In Memory of Frank Clarke

Frank James Clarke was born in Willenhall, Staffordshire, on 15th July 1942.

He played for Willenhall Town early in his career and Frank was also an amateur with Wolverhampton Wanderers at some point.

Frank joined Shrewsbury Town in 1961 where he went on to make 218 appearances and score 89 goals, in all competitions.

He signed for the Rangers in February 1968 for a reported fee of £35,000 and made his league debut later that month at Bolton on the 24th.

Michael Wale featured Frank in the Millwall match programme on 23rd August 1969:

‘He comes from an amazing family. There are five sons, all brought up in a grey brick semi-detached at Short Heath on the outskirts of Wolverhampton.

Besides Frank and Alan there is Derek, who was transferred from Walsall to Wolves and Kelvin (12) and Wayne (8). Already Kelvin has been picked out as a star of the future. Frank thinks he’ll be the best player the family has yet produced.

What is the secret of the Clarke family? Frank says: “Basically I think it was because we had the best recreation ground right opposite the front door. We were always playing football, right from the moment I can remember.”

“Football mad, that’s all we used to do. We used to take our dinner in shifts. First Alan would come in and eat his, then he’d go out to play again and I’d come in.”

The Wolves were the first team to sign Frank, he joined them as an amateur but soon tired of the set-up: “I stopped going there because there were nine teams. I didn’t see much sense in it.”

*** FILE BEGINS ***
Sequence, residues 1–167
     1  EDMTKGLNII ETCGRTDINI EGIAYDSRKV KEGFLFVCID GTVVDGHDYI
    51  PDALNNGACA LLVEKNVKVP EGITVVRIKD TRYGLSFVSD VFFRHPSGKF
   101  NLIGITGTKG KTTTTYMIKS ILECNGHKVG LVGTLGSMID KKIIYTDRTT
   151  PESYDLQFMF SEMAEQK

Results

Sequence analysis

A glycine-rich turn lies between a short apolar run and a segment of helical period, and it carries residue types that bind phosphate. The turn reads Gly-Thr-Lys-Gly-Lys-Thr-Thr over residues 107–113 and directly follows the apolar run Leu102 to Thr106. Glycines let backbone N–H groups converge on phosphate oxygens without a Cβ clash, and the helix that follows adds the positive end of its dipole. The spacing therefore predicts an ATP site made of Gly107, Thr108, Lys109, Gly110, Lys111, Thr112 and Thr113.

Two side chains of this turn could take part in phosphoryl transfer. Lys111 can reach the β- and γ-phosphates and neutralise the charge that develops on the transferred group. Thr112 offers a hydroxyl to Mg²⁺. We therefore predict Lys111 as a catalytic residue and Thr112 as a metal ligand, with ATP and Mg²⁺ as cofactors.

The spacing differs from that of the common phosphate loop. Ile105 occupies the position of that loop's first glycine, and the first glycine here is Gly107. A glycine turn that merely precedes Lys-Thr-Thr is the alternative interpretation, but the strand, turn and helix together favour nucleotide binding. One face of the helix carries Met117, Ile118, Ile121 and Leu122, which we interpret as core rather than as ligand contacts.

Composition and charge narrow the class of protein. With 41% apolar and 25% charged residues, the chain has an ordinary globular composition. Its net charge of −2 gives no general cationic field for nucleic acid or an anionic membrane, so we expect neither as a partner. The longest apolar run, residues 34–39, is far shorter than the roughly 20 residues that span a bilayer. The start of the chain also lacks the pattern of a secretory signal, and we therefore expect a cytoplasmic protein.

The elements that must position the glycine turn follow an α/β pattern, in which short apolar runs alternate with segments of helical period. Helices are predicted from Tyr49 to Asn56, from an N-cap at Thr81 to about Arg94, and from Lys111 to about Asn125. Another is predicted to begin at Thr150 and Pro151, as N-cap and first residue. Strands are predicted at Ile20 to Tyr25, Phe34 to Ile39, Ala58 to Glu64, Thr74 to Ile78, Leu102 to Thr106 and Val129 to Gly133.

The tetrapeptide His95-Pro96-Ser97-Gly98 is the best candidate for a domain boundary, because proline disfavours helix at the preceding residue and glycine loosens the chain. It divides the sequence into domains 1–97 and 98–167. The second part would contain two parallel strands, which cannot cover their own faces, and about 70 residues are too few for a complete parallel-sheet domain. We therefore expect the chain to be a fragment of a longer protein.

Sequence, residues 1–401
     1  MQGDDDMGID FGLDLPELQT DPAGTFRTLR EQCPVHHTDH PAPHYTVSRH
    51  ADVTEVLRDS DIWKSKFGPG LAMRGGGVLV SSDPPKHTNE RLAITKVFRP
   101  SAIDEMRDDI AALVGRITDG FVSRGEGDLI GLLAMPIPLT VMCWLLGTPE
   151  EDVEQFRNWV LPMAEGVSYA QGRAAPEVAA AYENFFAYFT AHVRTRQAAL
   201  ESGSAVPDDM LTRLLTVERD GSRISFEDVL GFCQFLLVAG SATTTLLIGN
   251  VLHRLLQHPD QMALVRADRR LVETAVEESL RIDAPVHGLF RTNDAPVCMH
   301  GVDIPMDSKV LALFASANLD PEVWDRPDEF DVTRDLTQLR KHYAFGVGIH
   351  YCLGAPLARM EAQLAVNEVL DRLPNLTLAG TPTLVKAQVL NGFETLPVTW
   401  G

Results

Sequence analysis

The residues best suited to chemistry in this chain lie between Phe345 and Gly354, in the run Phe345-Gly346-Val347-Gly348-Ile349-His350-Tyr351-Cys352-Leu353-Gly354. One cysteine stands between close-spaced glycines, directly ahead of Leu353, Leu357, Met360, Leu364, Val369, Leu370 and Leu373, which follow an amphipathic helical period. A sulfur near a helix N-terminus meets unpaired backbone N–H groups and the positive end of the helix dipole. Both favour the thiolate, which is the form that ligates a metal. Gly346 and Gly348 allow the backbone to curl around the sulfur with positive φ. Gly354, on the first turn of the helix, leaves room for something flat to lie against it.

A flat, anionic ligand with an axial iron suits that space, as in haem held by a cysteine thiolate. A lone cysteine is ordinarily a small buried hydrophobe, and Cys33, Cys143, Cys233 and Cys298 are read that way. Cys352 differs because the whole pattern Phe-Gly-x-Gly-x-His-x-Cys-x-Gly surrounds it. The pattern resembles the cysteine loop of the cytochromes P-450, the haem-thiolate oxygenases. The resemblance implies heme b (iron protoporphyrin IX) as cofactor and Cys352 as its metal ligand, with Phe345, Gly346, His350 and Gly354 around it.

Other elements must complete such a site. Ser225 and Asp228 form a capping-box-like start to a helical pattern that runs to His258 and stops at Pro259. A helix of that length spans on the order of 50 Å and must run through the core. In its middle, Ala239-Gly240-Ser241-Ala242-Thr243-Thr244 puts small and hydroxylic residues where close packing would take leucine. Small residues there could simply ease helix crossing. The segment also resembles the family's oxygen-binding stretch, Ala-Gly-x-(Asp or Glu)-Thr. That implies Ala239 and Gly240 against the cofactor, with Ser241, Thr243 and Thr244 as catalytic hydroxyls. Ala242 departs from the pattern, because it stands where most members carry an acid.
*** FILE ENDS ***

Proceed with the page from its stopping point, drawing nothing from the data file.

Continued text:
So, he signed on for Shrewsbury Town as a professional, where he stayed for six years. He scored a lot of goals there, but the game he remembers most playing in is one he lost:

“It was at Chelsea in the Cup. Arthur Rowley played at Chelsea and scored, so did Peter Broadbent but they beat us 3-2.” Ironically among the scorers for Chelsea was Barry Bridges.

What has it been like to live in the shadow of a famous younger brother? “A lot of people used to take the mickey out of me saying he got all the publicity. I’m not jealous at all. I think it could have been the other way round. I’m really, really pleased for Alan. We’re very close.”

In fact, the Clarke’s are a very closely contained family. Mr & Mrs Clarke senior spend all their spare time travelling to watch their various sons play. Mrs Clarke will be able to see all QPR’s games in September because she is coming down from Short Heath to spend the month at Frank’s Chessington home.

Mr Clarke told me he thought Frank should get more among the goals this season: “It’s the ones who score, that matter most,” he said with uncomplicated logic.

Frank feels the same. I said that I felt he had been over-generous in the past season or so, laying the ball off for team mates to score.

In the promotion year from the Second Division he took a lot of the physical weight off the shoulders of Rodney Marsh. He says: “I’ll try to score more myself this season. I’m definitely going more for goal. I think I’ve sharpened up a lot as well.”

“I feel well in myself. I’ll be trying to get 20 goals. There are times when you have to lay the ball off otherwise you get killed. But I feel it in me to score this year. I remember the season I scored 35 goals for Shrewsbury.”

Off the field Frank has yet to go into business like some other Rangers players, but he hopes one day he and his brother Alan will combine to form a company.

Meanwhile one unusual interest he has outside football is…baking! “There’s nothing I like better than to clear the wife out of the kitchen and bake a good pie or cake!”

After notching up 24 goals in his 76 league and cup appearances, Frank was sold to Ipswich Town in March 1970 for a sum of £38,000. He later moved on to Carlisle United in 1973.

At the end of his playing career, Frank returned to Shrewsbury where he worked as a newsagent and he also spent 28 years as a supervisor at a Sports Centre.

Frank sadly passed away on 3rd June, aged 79.

Rest in Peace.

Steve Russell


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